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Lajos Portisch vs Tigran Vartanovich Petrosian
San Antonio (1972), San Antonio, TX USA, rd 4, Nov-23
English Opening: Symmetrical. Two Knights Variation (A35)  ·  1/2-1/2


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Kibitzer's Corner
Feb-22-04  suenteus po 147: It seems to me that 21...Rae8 represents a deep plan on Petrosian's part to create an impenetrable blockade that Portisch cannot break through without unacceptable sacrifices. 22.Nb1 on Portisch's part is arbitrary to how things turn out since 22...Nd7 is part of Petrosian's plan, allowing both 24...e5 (solidifying the blockade of pawns) and the white bishop to invade and take the rook (which is no longer needed). It's a worthy sacrifice since Portisch is never able to make anything of his advantage.
Aug-17-05  ARTIN: material advantage you mean. Because before move 31 Black has a good positional advantage. I think he should have prevented the exchange of c6 night with the c8 bishop.
Nov-06-05  aw1988: With 24. Bg5, Portisch tries to induce the positional blunder ...f6, but instead iron Petrosian comes up with 24...e5!. Portisch apparently spent 10 minutes on his next move, not on the board, but looking straight at his opponent. His Be7 is a positional mistake.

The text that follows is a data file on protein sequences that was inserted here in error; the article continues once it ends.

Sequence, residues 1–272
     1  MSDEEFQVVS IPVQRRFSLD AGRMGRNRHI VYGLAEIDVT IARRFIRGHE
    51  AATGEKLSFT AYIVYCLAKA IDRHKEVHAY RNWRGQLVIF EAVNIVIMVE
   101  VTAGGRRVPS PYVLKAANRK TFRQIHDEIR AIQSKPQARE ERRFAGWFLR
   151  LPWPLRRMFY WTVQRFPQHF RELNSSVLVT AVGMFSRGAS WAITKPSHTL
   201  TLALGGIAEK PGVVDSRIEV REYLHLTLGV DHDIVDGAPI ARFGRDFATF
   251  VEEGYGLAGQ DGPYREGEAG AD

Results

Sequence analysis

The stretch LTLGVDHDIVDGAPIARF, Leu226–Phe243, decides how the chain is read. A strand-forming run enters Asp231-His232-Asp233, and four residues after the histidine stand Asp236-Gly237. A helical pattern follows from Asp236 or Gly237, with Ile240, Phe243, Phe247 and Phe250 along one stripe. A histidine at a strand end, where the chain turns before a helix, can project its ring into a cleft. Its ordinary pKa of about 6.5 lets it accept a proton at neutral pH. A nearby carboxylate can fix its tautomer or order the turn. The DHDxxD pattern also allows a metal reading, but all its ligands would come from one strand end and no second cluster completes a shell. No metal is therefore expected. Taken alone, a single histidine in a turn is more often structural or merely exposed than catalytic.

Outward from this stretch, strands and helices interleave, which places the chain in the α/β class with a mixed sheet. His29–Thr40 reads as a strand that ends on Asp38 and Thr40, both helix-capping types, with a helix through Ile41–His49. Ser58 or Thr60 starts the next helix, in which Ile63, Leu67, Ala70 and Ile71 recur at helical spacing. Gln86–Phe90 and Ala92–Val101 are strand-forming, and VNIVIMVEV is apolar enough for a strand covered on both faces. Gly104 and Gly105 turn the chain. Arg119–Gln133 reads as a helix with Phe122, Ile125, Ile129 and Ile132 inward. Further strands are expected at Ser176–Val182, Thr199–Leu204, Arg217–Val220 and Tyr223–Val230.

Premium Chessgames Member
  keypusher: <aw1988>

Petrosian on the position after 24...e5: "[Portisch] cannot decide whether I have sacrificed the exchange or blundered it away. Finally, after the game, Portisch said he had decided it was a blunder...." Quoted in Watson's Secrets of Modern Chess Strategy, p. 204.

Of course, it was a sacrifice.

Premium Chessgames Member
  Gypsy: Marin considers <32...Rf8> an inacuracy and recommends to insert 32...Kh8, so that Ne7 would not deliver a check.
Premium Chessgames Member
  wordfunph: from GM Suba's book Positional Chess Sacrifices..

"Portisch thought for about ten minutes, staring at me fixedly, while I kept a poker-face. He could not decide whether it was a blunder or a sacrifice."

- Tigran Petrosian (on 24...e5)

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